Garry Disher has been writing crime, along with kids books, thrillers and a host of non fiction, for a while now, but Whispering Death is my first foray into his world. A little brave of me, one might think, to leap into the sixth novel of the DI Challis series without having read the preceding five, but Disher has managed that difficult task of making the book as welcoming to a newbie as to an old hand. There are no barriers to first time readers coming on board at this stage of Challis’s career, and plenty of back story that beckons me to go back to the beginning.
Avoiding all the techno-wizardry of 21st century forensics, sparkling labs and endearing ubergeeks, Whispering Death instead brings you solid, foot-slogging detective work. The characters and the locale are drawn with detail and nuance. Alongside the dependable and likable Challis, Constable Pam Murphy has humour and warmth, as well as a few issues of her own to sort out. I particularly liked the practical, positive and no nonsense way he deals with the consequences of Murphy’s bout of anxiety and reaction to the antidepressants she has been taking. Treatment of common mental health problems should always be dealt with in such a matter-of-fact and non-judgemental manner.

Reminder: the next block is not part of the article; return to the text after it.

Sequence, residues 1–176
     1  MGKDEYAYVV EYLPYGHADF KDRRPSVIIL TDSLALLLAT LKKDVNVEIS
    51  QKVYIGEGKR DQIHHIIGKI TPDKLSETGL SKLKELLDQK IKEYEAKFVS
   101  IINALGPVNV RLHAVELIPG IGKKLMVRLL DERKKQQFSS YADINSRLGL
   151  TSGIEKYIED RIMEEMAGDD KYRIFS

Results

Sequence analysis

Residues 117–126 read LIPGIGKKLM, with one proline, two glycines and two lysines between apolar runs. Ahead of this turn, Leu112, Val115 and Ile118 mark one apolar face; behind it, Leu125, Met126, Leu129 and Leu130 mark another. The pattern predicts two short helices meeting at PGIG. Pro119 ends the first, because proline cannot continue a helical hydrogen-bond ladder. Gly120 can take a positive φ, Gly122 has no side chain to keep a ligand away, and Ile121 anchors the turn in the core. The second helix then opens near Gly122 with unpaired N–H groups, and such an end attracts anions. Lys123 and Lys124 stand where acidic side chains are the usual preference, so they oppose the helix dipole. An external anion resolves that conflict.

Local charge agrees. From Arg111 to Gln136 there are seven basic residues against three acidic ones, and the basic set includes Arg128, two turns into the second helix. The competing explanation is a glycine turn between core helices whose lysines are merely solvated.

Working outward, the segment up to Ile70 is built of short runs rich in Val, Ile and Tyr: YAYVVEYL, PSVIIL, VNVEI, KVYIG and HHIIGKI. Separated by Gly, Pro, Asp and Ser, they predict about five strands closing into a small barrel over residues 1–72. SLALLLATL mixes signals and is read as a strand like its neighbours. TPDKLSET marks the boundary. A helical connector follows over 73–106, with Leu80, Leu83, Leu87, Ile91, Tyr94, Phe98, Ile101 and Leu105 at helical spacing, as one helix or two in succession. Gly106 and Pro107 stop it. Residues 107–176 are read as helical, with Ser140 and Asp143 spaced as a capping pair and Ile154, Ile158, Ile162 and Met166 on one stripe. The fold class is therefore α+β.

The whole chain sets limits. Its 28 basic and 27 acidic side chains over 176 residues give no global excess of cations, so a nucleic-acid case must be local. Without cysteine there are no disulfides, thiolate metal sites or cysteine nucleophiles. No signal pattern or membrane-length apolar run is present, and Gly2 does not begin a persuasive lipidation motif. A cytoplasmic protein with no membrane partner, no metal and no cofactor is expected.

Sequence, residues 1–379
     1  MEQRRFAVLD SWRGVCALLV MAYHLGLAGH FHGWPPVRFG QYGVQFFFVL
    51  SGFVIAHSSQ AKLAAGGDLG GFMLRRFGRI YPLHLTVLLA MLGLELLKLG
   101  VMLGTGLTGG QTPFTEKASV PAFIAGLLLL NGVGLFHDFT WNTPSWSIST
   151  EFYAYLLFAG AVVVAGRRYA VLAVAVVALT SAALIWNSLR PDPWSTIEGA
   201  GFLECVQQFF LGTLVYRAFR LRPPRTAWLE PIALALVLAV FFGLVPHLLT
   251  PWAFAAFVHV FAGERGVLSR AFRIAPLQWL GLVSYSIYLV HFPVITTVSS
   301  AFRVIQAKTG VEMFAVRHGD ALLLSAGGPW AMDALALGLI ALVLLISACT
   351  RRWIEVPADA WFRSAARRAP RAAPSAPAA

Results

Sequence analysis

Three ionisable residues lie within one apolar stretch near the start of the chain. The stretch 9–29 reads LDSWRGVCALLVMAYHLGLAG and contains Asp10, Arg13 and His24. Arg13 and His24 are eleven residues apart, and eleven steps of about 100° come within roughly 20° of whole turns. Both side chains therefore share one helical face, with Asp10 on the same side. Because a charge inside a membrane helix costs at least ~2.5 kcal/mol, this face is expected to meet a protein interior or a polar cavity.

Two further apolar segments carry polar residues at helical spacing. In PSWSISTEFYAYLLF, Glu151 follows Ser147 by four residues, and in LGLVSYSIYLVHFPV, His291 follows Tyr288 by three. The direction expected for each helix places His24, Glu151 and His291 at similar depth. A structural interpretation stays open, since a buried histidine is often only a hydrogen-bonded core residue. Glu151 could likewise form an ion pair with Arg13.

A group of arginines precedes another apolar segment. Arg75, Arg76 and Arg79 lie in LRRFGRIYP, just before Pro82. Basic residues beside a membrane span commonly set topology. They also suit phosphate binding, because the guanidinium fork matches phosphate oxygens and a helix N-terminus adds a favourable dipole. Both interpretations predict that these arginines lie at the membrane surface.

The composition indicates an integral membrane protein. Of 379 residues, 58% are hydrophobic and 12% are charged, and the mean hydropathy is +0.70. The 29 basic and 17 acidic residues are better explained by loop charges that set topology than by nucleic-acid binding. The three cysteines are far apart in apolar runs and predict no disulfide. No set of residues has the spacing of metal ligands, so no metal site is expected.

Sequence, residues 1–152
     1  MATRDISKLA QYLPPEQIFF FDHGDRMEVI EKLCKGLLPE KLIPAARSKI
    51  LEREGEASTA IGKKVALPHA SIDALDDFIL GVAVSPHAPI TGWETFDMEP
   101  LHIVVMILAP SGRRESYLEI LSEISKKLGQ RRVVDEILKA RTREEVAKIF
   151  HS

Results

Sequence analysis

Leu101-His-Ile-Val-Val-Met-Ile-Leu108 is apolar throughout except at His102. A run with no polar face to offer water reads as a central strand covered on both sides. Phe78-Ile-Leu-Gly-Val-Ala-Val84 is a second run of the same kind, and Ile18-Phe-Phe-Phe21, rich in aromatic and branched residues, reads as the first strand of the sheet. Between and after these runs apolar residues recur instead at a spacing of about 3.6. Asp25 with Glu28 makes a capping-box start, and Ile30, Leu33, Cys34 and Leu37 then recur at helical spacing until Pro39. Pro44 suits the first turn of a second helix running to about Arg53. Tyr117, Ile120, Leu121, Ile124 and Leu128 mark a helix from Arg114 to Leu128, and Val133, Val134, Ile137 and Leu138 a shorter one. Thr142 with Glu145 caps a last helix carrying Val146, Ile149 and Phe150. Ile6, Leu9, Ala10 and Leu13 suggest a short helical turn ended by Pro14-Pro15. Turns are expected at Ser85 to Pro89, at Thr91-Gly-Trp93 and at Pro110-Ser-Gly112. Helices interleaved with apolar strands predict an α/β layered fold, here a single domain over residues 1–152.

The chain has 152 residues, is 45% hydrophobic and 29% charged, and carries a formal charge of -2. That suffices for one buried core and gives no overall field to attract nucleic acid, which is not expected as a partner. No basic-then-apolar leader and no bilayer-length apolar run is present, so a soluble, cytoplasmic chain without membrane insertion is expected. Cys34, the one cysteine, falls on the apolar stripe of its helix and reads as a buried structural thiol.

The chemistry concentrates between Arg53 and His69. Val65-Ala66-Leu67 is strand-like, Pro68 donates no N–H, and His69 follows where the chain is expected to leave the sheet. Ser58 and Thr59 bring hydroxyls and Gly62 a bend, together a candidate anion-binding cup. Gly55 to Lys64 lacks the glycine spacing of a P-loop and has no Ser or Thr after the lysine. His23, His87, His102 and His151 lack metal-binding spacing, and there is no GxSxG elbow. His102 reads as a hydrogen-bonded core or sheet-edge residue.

The dual plots, one involving a rapist who dresses as a policeman, the other revolving around the activities and strange past of a female cat burglar, provide a balance between crimes of brutality and of intellect. The two never overlap except that the same police are involved in investigating both crimes, but the disparity between the types of crime allows an intriguing look at how the same type of police work, and a little luck, is effective no matter the crime.
Disher, twice winner of the Ned Kelly Award for Best Crime Fiction and other awards, has given readers a tight, gripping novel set in a distinct Melburnian landscape. Even if you’ve never read the Peninsula murder mysteries before, this isn’t a bad place to start.